Bob’s world is generally male dominated, and he seems unfazed by female perfection. Suave enough to appear to be a ladies’ man, his obsession and his sole desire is Lady Luck, so much so that he keeps a slot machine in his closet to satiate sudden urges and impulses. With the film’s emphasis on the friendships between males, it makes perfect sense that the female roles in the film remain peripheral. At the same time, however, two women play crucial roles in the events that unfold. Anne assumes the role of a femme fatale of sorts in the indiscreet moments that take place between her sheets. Ambitious and amoral, she both receives and gives information, acting as a conduit through her sexual liaisons.

Bob le flambeur
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Suzanne (Colette Fleury) the nagging, grasping wife of croupier, Jean, proves---once again---that age-old noir wisdom of never confiding in a dame. The unusual element in Bob le flambeur, however, is that two women know about the casino heist and neither of them can keep their mouths shut.

While Bob le flambeur is generally cited as a homage to American gangsterism, some critics slam the film as a pale imitation of American heist films. And while a surface examination of Bob le flambeur might lead to the conclusion that the film is Melville’s attempt to capture the style of American noir, this analysis is shallow and unjustified. It’s true that Melville, whose real name was Jean-Pierre Grumbach admired American culture---the name Melville, for instance, was a nom de guerre used by young Grumbach when he was a resistance fighter during WWII. Since Bob drives a Cadillac convertible, there’s certainly every reason to agree with the notion that Bob le flambeur is Melville’s tribute to American gangsterism. However before critics write off Bob le flambeur as either a tribute or an imitation of American cinema, attention should be paid to a crucial and yet subtle scene that appears relatively early in the film.

In this important scene, Paolo is with Roger and referring to Bob’s criminal career, he asks: “Was he really the first to copy American hoods?” Roger replies, “Actually it was the Yanks who copied the Bonnot Gang.” And he explains that Bob “was the first to use front wheel drive.” This slight, subtle reference to the early 20th century gang of French bank robbers is significant. Members of the so-called Bonnot Gang---also known as the “auto bandits”--were the first to use a get-away car to expedite a crime, and they also were the first to commit armed robbery with repeating rifles. Jules Bonnot, also known as Jules le Bourgeois, was the best-known member of the gang, and, before he drove the getaway car for bank robberies, he was employed by Sir Arthur Conan Doyle as his chauffeur.

But apart from the Bonnot Gang’s unique, daring, and innovative modus operandi that creates a pivotal point in the history of crime, the loosely formed gang operated on a philosophy that embraced Illegalism. The gang members were all working class men, anarchists who branched into Illegalism, making the decision that rather than slave in a system in which they could barely survive, a life of crime was viable and logical, and to them, the only alternative. Committed to live lives of illegality, they were therefore called Illegalists.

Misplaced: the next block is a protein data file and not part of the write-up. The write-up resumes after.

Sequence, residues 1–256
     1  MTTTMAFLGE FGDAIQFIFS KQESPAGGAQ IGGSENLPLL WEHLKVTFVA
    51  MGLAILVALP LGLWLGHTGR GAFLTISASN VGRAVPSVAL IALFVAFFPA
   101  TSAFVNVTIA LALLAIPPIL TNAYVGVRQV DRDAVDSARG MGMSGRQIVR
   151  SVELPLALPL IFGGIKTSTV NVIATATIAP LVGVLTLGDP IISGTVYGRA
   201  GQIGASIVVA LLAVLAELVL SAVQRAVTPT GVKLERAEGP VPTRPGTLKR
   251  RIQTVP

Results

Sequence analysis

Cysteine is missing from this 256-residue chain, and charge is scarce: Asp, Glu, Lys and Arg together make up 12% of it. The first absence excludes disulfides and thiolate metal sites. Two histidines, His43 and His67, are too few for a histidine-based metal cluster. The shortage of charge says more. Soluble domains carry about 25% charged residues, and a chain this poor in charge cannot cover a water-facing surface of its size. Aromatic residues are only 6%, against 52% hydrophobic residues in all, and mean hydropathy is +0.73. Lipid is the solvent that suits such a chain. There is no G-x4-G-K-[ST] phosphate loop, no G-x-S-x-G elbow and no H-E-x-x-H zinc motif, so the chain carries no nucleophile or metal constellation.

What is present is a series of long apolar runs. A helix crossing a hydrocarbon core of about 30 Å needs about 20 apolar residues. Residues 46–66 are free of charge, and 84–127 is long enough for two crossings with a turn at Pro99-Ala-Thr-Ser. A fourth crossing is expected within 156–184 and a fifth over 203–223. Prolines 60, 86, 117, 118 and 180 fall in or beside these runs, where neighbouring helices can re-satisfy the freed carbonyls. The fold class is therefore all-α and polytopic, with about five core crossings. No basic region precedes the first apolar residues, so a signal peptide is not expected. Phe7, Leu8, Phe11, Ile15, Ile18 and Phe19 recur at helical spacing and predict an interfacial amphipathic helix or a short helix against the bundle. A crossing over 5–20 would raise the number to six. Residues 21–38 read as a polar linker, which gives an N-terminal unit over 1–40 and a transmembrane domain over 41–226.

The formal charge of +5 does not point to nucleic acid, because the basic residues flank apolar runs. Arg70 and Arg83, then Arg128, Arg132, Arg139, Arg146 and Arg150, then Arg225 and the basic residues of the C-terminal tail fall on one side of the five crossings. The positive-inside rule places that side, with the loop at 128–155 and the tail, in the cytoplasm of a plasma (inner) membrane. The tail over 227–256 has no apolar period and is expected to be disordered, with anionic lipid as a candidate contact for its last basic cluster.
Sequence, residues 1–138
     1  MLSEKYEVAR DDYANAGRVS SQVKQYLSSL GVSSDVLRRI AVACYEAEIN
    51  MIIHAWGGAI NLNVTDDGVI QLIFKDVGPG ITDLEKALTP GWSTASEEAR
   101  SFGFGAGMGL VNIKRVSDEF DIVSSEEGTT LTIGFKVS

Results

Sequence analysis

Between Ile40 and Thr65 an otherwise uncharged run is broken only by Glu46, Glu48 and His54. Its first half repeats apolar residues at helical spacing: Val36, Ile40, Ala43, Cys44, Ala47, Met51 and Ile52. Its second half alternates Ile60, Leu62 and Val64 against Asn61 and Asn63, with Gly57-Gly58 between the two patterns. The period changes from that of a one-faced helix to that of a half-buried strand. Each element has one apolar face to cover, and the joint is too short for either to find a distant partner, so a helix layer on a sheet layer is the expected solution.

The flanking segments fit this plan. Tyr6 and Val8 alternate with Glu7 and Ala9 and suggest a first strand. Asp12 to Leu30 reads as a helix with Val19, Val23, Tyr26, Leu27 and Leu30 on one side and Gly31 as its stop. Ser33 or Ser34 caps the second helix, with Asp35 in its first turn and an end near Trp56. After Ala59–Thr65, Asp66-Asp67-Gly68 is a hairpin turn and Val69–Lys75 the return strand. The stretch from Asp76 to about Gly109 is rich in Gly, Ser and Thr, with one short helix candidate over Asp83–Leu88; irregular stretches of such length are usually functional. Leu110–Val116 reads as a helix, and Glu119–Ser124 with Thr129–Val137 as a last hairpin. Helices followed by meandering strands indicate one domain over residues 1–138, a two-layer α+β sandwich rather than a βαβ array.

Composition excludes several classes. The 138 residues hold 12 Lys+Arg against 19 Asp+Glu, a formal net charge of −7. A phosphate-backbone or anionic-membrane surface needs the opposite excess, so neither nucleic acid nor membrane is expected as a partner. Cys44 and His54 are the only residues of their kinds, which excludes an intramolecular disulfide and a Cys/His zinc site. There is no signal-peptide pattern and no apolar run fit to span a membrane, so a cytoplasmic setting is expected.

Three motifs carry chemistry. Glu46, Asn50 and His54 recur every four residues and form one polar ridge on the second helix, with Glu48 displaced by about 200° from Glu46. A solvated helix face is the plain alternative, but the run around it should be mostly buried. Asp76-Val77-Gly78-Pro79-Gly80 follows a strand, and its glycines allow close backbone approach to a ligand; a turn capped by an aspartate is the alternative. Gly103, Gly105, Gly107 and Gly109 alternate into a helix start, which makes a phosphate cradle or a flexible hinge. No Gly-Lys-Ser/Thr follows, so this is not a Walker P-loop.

Similarly, Melville’s characters also opt for lives of illegalism. The decision to choose lives of criminality is a major theme in the film. Most of the people in Bob’s circle---while they live and eke out a living from the human vices---now lead more or less straight lives. But their criminal pasts remain. Bob was a bank robber, and so was Paolo’s father. Jean the croupier at the Deauville casino was a pimp, and while he’s now straight, he still exists on the fringes on society listening to his wife complain about wanting the finer things in life. The Scotsman has supposedly retired to a quiet life with his racehorses, but he can’t resist returning to an illegal life either. Marc the Pimp has some sort of connection with the rag trade, and he’s trying to rope Paolo in, but this seems to be more of a scam or a fencing operation than a viable career option. Bob offers Anne sanctuary with the implication that he’s “saving” her from becoming a “pavement princess.” But Anne doesn’t necessarily want to be ‘saved’ from a life of prostitution. With Bob’s help, Anne gets a job in a Pigalle nightclub where being semi-clad helps her sell flowers. Soon she rises to hostess, and before the film ends, it appears that she’s back as a prostitute by choice and despite intervention by Bob. Bob gambles for a living, and while he doubtless profits from tourists out for an evening’s thrill, when the film begins he does nothing illegal. But the film emphasizes the point that before the war, Bob and his group of pals were all criminals, and by the end of the film, many people in Bob’s circle have chosen to return to a life of criminality.